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A Quarter Century of Finding Value in Dividend-Paying Mid-Cap Companies

A Quarter Century of Finding Value
in Dividend-Paying Mid-Cap Companies

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    Before the internet boom went bust in the early 2000s and prior to FAANGs1 dominating passive investors’ portfolios, one mutual fund strategy found that the most straight forward approach led to creating long-term wealth via investing in great companies.

    This year marks the 25th anniversary of Fenimore’s FAM Dividend Focus Fund, which has outperformed2 with a concentrated portfolio of mid-cap names with long-term growth potential. According to the fund’s Co-Manager Paul Hogan, who has managed the fund since its inception, the fund’s strong emphasis on quality rather than riding fashionable market trends is what makes the difference. The fund’s mantra is that of Fenimore Founder Thomas O. Putnam in seeking out investments to make “the train go faster not longer.”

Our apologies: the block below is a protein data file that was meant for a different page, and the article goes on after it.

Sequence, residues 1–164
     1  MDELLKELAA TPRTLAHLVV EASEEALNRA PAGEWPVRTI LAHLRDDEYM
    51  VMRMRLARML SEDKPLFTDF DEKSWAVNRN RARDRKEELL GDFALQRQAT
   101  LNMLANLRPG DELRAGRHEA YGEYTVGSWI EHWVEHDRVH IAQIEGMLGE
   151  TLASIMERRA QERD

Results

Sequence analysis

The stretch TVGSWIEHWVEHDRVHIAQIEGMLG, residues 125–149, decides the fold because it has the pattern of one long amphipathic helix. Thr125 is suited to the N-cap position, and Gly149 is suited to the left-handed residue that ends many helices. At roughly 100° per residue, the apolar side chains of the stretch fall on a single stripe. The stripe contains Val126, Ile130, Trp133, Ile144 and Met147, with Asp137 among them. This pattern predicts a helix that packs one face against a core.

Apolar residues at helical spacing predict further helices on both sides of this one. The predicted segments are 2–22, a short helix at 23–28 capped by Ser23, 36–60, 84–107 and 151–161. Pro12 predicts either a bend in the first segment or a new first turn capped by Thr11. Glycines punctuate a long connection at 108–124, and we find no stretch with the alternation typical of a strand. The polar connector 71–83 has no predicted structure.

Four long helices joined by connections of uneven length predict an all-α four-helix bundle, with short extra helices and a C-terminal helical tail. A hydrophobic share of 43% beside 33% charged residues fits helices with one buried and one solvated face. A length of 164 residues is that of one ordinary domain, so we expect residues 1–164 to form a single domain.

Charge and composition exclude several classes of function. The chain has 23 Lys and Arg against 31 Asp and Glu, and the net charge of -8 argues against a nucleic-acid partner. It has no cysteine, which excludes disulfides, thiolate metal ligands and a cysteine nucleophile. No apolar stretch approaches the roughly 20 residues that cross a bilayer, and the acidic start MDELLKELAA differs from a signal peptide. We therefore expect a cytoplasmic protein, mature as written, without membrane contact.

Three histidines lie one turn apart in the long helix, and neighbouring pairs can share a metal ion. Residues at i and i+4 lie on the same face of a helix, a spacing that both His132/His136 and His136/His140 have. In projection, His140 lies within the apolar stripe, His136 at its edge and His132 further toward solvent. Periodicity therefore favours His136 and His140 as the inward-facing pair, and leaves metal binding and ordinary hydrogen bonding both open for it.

• Andrew Boord, Portfolio Manager - Fenimore Small Cap Strategy

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In searching for the right stocks, mid-caps are a fertile space because they typically grow at a faster clip than large-cap companies. For the most part, the faster a company grows, the faster it can grow its dividend to shareholders as well. The dividend provides additional yield that in turn boosts long-term portfolio gains. While there are numerous mutual funds focused on large-cap dividend paying strategies, FAM’s focus on the mid-cap sector essentially doubles the number of companies to consider.